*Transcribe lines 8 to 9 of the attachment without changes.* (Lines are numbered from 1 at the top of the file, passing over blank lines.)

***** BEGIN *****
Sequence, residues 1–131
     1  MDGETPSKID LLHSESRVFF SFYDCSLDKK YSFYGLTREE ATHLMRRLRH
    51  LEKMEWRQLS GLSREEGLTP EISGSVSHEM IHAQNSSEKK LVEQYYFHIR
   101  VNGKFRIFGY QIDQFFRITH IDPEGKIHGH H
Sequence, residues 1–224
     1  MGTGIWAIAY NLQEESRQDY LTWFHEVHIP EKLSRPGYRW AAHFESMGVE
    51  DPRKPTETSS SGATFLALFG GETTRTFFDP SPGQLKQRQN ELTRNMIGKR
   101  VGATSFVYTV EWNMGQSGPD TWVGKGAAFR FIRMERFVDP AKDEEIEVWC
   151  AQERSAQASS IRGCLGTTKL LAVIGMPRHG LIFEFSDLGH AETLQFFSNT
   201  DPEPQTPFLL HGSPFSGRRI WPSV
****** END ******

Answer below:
   101  VGATSFVYTV EWNMGQSGPD TWVGKGAAFR FIRMERFVDP AKDEEIEVWC
   151  AQERSAQASS IRGCLGTTKL LAVIGMPRHG LIFEFSDLGH AETLQFFSNT